Until now, StoX have mainly been used to estimate stock abundance of adult fish and several official international and national survey estimates of commercially and ecologically important fish stocks are produced using Stox. These include North Atlantic stocks such as herring, sprat, blue whiting, cod, haddock, lesser sandeel, boerfish, horse mackerel and mackerel (c.f. Appendix S4, Supporting Information). StoX is also used to analyse abundance of fish larvae and demersal fish assemblages, and StoX is currently being tested for surveys in Argentina, Sri Lanka, South Africa, Angola and in the Baltics.


The workflow and StoX processes for the swept area abundance estimate of Barents Sea cod in the 1999 winter survey, and the acoustic trawl abundance estimate of herring the 2016 International ecosystem survey in the Nordic Seas are presented in Table 1.

Table 1. Overview of the workflow and processes for the StoX models used to estimate the abundance of cod for the 1999 Barents Sea winter survey (A), and the acoustic trawl abundance estimate of herring in the Nordic Sea in 2016 (B)
Workflow description Processe names
Read the project.xml file, and read and filter biological data




Read strata polygons, calculate polygon areas and define Primary Sampling Units (PSU)




+Read and filter acoustic data, and define depth layers for aggregation of acoustic densities




+Define acoustic PSUs by stratum and calculate mean acoustic density by PSU



+Assign weighted biotic stations to acoustic PSUs



Calculate length distributions per biotic station (biotic PSU), and a weighted average of assigned length distributions (total length distribution for acoustic PSUs




Calculate density (number fish by length group per nmi2) by PSU, and calculate abundance by stratum





Identify biotic stations used in the abundance estimation and assign individuals from these stations to a proportion of the calculated abundance by length group. Each of these individuals represent an estimated abundance and is referred to as super individuals.





  • Processes only used for A or B, respectively, are marked with (*) and (+). Details about the StoX models and survey maps are presented in Appendix S5, Supporting Information.

From the output of SuperIndAbundance, the abundance estimate can be split by (or a combination of) population parameters such length, weight, sex, age etc. In Figure 3, the abundance estimate of the surveys are presented by age and length groups.

Details are in the caption following the image
Abundance estimate by length group and age (c.f. colour legend) for cod from the 1999 Barents Sea winter survey (a) and herring from the 2016 Nordic Sea acoustic trawl survey (b). The estimates are produced using StoX


The rapid adoption of StoX as the official software for the assessment of many fish stocks in the North Atlantic (Table S2, Appendix S4) is indicative of the pressing need for a robust and freely available software that documents the process end-to-end. In parallel with the development of StoX, ICES has established databases to store acoustic and biotic trawl data to support data input files for StoX. This provides complete transparency from data input to the survey estimates used in stock assessment models, and StoX will be integrated into the new Transparent Assessment Framework that “is a framework to organize data, methods, and results used in ICES assessments, so that they are easy to reference and re-run (http://ices.dk/marine-data/assessment-tools/Pages/transparent-assessment-framework.aspx). A similar structure is in place at IMR for national and Norwegian–Russian surveys conducted in the Barents Sea. The use of StoX for stock assessment typically uses a filter to focus on a single species, but it may be appropriate to consider all or a range of species forbiodiversity indicators. These indicators are important for ecosystem monitoring, and there is ongoing work to implement StoX for biodiversity surveys. StoX is also being implemented by the EAF Nansen Program for several metrics, including stock abundance and biodiversity.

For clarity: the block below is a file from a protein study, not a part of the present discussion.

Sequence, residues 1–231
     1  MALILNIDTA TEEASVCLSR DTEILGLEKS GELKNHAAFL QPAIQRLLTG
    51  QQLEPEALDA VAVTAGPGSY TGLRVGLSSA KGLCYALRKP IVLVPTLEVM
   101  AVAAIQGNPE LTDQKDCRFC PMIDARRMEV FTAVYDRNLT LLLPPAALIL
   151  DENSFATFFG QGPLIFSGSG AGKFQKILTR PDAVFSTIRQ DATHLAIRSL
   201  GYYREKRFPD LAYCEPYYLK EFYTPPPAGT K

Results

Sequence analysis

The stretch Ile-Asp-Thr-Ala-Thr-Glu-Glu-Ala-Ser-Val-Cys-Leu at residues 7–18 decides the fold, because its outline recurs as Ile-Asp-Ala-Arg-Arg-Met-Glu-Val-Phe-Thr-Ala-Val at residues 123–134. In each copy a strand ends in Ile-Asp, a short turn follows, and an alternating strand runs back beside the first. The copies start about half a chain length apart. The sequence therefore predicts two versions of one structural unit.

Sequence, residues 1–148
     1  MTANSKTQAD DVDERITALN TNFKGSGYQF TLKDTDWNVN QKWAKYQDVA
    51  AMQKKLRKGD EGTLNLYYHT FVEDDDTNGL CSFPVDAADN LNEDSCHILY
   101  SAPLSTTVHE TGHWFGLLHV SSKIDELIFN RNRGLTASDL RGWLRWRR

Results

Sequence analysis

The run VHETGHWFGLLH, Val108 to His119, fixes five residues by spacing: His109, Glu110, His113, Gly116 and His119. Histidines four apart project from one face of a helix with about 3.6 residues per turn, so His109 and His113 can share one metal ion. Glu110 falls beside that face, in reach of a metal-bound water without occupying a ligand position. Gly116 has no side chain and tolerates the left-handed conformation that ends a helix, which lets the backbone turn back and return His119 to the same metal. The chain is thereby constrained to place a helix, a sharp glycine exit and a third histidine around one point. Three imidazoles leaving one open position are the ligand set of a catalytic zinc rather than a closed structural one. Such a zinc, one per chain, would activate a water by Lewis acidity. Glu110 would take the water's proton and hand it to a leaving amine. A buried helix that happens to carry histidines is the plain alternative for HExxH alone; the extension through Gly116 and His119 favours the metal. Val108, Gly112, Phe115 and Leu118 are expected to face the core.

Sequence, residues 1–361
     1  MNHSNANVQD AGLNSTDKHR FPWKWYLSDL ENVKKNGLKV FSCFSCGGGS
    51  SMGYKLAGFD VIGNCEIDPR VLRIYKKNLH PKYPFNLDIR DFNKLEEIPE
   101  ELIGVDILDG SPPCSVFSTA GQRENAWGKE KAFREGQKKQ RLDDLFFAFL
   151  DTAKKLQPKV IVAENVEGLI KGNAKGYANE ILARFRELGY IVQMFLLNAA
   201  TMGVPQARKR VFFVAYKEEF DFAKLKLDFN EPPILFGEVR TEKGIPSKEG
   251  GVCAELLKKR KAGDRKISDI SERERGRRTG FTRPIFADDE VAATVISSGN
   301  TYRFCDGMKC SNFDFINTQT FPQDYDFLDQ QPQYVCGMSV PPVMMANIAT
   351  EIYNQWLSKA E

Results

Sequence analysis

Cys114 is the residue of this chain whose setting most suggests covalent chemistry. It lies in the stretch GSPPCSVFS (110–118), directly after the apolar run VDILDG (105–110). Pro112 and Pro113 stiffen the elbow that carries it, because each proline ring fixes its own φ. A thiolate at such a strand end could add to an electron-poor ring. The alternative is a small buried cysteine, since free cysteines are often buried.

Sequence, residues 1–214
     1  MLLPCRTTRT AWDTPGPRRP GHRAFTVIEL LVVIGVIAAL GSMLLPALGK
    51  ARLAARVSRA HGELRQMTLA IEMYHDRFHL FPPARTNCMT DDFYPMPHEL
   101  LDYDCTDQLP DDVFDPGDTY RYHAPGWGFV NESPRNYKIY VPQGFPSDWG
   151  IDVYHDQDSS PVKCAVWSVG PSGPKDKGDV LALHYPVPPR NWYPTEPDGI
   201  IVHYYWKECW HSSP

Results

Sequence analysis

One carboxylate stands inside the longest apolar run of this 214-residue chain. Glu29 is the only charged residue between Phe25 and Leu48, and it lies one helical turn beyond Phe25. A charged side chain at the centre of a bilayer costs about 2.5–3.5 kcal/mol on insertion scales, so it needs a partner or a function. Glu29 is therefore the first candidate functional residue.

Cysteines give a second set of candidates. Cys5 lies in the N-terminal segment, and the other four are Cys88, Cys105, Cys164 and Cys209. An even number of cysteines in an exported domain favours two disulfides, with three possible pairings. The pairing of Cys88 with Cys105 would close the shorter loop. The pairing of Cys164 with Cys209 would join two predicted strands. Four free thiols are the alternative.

The output from the intermediate steps of a StoX project is available either directly from the software as text files or can be extracted using Rstox. This facilitates the reading and filtering of acoustic, biotic and/or landing data for analysis. The separation of the Java-based StoX application and the Rstox package, which contains a copy of the StoX function library, enables continuous development of methods using R that can be incorporated as functionality in StoX if relevant.

Within the StoX architecture, stock estimation models are created from a set of functions. This has several advantages over other survey estimation programs, for example, Beam (Totland & Godø, 2001), which are restricted to a single estimator with little flexibility to add custom functions. Reusing functions for different types of surveys is beneficial as many processing tasks share common functions. For example, acoustic trawl surveys and swept area surveys use similar processing for trawl sampling data. By reusing functions across a range of different survey types, programming time and the risk of software errors are reduced, ensuring that similar tasks are consistently handled. This also ensures consistent use of StoX’s framework for preserving parameter settings and manual annotations, which facilitates consistent recomputation and exchange of project files between researchers. In addition, the same model can be used for several surveys over a time series by changing only a part of the function parameters (e.g. the input files).